French President Nicolas Sarkozy on Tuesday said that if reelected he would not support reform of a partnership law to allow gay marriage.

The 57-year-old Sarkozy made his remarks during a wide-ranging interview with France Inter.

“For me, a family is a father and a mother, not two fathers or two mothers,” Sarkozy said.

He repeated his claim that “to have a child … requires a man and woman,” but added that that does not mean that a gay couple could not adequately raise a child.

Sarkozy also insisted that he hates homophobia.

In January, government officials denied media reports that the president was preparing to include gay marriage in his reelection platform.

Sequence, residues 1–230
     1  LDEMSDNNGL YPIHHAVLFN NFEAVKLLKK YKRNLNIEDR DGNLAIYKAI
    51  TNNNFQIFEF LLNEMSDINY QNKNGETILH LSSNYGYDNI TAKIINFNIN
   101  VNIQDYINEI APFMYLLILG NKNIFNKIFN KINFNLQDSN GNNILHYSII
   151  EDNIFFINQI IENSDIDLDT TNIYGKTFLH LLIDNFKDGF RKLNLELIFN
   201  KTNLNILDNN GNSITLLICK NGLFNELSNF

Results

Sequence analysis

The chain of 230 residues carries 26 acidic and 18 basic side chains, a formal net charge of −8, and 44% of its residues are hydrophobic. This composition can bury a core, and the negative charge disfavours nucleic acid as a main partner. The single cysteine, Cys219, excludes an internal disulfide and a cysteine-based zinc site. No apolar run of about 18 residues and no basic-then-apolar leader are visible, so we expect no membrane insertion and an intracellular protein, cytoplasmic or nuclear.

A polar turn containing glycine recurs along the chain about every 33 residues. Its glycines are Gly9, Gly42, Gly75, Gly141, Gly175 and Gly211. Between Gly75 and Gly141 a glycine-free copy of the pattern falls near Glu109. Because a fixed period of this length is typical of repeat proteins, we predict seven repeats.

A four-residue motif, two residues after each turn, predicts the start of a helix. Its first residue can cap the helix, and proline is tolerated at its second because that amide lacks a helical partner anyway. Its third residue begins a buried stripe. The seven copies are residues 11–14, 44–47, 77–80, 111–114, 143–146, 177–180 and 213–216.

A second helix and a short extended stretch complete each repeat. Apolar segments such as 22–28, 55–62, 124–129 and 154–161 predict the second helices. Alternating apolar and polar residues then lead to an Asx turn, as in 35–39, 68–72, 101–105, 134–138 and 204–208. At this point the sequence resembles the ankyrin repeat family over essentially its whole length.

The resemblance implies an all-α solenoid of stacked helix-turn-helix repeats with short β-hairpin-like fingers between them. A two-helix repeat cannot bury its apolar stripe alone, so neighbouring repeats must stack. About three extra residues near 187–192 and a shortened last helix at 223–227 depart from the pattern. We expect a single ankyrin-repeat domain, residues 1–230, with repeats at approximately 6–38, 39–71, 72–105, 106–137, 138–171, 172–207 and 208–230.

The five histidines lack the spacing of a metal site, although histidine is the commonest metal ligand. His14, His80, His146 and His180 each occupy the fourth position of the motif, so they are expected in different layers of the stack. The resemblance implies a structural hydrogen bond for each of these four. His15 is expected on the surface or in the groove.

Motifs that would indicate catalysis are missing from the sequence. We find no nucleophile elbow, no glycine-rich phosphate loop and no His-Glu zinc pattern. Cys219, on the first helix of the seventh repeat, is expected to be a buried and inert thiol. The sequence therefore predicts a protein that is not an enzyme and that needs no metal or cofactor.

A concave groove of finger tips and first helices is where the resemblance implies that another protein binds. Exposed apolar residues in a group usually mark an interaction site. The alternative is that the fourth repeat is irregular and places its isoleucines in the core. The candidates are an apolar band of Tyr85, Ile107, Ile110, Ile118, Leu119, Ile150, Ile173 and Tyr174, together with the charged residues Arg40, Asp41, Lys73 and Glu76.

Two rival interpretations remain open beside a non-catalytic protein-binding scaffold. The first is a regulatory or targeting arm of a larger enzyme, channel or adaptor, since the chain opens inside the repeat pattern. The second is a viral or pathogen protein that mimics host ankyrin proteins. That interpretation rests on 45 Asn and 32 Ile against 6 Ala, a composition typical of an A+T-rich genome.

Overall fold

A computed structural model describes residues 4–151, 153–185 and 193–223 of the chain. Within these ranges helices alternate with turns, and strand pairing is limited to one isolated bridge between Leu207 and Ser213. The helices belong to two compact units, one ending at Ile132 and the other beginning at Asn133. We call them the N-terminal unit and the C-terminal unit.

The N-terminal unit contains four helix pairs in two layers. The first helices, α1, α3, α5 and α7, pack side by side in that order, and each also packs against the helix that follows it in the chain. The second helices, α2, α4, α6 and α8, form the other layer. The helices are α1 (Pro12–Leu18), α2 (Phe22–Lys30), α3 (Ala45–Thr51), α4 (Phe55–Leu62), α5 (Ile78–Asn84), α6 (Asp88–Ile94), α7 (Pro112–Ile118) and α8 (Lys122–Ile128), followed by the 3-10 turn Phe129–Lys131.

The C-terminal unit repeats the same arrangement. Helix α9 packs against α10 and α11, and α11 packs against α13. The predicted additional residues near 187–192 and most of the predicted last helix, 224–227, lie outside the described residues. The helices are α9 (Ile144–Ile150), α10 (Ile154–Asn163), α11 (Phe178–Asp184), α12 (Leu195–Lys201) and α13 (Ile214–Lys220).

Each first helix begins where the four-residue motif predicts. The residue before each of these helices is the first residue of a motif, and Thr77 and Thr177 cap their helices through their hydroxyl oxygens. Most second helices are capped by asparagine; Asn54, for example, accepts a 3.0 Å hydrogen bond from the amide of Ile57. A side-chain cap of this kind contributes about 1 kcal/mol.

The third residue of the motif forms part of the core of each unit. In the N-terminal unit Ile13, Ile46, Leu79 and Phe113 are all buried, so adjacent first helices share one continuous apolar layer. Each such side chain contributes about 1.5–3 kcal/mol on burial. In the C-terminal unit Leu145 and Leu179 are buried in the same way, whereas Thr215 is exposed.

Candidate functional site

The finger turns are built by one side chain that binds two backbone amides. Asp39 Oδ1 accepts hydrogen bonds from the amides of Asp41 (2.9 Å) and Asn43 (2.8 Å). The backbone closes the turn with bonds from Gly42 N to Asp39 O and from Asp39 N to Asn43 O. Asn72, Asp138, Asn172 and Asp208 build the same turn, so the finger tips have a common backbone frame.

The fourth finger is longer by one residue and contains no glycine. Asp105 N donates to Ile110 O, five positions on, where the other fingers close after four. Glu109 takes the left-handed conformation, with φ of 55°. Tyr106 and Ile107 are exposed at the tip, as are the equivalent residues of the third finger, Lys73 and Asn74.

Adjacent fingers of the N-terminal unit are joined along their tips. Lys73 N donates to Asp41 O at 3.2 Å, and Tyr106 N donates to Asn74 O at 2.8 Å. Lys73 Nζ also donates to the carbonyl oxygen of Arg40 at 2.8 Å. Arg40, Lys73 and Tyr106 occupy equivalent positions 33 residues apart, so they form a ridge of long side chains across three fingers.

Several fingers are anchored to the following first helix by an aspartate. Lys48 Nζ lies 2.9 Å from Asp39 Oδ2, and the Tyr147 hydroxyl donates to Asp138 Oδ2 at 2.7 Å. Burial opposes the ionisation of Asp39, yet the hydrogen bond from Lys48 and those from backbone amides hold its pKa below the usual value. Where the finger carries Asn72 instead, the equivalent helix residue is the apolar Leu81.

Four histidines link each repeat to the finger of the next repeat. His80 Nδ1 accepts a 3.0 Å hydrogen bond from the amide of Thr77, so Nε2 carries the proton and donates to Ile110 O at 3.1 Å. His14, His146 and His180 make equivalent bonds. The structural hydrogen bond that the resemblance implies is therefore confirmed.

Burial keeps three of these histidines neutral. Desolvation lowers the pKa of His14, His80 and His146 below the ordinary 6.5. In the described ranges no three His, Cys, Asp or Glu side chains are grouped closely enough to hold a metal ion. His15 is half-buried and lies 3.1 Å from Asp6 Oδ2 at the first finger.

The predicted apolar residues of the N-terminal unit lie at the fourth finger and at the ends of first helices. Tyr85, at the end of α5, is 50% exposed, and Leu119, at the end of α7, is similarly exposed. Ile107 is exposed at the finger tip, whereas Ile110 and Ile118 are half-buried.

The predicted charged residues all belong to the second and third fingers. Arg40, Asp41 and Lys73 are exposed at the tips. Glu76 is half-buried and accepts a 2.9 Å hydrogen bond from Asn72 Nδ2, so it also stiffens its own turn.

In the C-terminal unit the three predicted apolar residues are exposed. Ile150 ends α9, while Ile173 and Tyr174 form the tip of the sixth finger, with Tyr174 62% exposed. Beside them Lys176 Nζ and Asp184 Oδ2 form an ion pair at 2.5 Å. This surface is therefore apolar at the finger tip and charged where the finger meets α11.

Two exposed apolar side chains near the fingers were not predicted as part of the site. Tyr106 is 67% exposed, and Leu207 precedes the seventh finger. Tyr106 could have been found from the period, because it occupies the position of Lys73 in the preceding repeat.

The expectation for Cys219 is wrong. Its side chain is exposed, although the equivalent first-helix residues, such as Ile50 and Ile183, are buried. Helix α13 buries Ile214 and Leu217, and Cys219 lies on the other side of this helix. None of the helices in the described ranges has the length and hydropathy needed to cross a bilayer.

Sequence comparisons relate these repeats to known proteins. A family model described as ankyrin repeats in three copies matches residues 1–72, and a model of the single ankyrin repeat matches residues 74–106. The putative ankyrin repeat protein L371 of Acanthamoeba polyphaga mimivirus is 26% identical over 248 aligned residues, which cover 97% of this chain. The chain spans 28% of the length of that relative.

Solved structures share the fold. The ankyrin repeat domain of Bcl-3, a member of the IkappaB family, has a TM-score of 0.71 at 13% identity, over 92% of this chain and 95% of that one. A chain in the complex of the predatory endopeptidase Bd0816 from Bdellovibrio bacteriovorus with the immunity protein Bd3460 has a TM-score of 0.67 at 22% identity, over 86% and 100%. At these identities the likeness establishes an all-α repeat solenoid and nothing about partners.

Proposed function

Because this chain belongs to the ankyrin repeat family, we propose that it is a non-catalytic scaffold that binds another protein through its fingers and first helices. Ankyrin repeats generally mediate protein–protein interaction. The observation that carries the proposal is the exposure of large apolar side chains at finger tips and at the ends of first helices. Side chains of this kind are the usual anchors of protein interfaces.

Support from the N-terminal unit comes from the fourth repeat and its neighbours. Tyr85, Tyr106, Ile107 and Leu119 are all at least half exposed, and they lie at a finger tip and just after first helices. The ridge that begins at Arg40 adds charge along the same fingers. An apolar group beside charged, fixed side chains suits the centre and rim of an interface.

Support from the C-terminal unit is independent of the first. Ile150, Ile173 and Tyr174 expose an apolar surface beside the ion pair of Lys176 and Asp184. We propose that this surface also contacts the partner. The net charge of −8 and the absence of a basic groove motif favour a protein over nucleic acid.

Sarkozy “didn't change his mind, he is not favorable to gay marriage,” tweeted Valerie Pecresse, a minister in the Union for a Popular Movement Party.

Since 1999 France has recognized gay and lesbian couples with PACS, a form of domestic partnership. The law offers significantly fewer protections than marriage and gay couples are barred from joint adoption of children.

During the 2007 presidential race, Sarkozy pledged to reform PACS into something closer to the UK's civil partnership. However, the law has not changed.

Socialist Party presidential candidate Francois Hollande – who bills himself as “Mr. Normal,” a dig at Sarkozy, who has earned the nickname “President Bling Bling” – supports legalizing marriage and adoption for gay couples.

A first round of voting is next Sunday and the second on May 6.